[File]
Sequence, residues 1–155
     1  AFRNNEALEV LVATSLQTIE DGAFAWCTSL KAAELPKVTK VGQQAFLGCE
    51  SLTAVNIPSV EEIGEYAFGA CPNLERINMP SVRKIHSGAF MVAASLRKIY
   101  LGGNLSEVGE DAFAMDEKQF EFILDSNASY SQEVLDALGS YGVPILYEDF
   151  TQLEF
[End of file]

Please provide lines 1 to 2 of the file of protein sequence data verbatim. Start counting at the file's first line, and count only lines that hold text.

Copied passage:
Sequence, residues 1–155
     1  AFRNNEALEV LVATSLQTIE DGAFAWCTSL KAAELPKVTK VGQQAFLGCE